Ambassador programmes

If you focus on a specific tool or technology, it’s worth checking whether they have an ambassador program you could participate in. This will likely connect you to a crew of like-minded folks, may get you (beta) access to opportunities to provide feedback and might even come with additional benefits depending on the programme. Usually, the idea is to gather power users and content creators to support them in sharing their knowledge. This should be mutually beneficial, both for the company or organization in question and you as an ambassador.

Get involved with (your) Community

Developer Relations is a lot about communication & community. Being involved in Open Source or other Developer (Learning) Communities can help you develop the necessary collaboration skills, find out what people are curious about or struggle with and get some experience trying to help them. Browse around open issue in projects you use a lot or join your favorite technologies discord server.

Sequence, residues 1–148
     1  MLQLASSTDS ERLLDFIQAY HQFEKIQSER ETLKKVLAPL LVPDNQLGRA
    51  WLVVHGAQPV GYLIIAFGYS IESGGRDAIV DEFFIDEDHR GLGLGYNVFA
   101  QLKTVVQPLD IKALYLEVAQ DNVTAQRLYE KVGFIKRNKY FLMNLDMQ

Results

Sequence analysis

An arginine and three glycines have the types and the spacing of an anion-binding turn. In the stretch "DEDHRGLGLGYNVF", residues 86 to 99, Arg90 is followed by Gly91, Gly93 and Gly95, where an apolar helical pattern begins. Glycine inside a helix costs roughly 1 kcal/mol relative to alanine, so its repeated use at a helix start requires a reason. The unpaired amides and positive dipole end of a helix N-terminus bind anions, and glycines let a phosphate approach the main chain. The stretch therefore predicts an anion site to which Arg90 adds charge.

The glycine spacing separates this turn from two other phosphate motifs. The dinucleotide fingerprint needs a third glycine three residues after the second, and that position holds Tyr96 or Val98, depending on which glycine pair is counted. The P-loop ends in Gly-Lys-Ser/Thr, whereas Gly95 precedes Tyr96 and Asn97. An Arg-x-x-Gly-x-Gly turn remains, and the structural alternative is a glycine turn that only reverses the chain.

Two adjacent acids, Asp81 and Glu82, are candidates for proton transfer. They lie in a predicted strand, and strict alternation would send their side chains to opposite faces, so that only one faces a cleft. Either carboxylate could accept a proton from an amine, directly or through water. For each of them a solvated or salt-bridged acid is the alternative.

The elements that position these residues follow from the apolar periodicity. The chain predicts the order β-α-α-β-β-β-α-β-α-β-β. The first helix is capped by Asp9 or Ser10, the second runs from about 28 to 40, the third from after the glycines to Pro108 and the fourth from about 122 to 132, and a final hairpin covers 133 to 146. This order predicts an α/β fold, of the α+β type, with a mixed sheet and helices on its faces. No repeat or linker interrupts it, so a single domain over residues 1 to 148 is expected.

There are many different areas to explore if you are curious about getting into Developer Relations. Many of us got our job by chance, maybe coming from a different kind of (tech) background; many have previously worked in (web) development and at some point started talking / writing or streaming about it. There is no one right way. There are just many opportunities.

Are you working in Developer Relations? How did you get there? Let me know ⬇️

Top comments (1)

fernandezbaptiste profile image

Really interesting article! I have gotten recenty into DevRel and I love the idea of sharing your journey online. You just got a new follower :)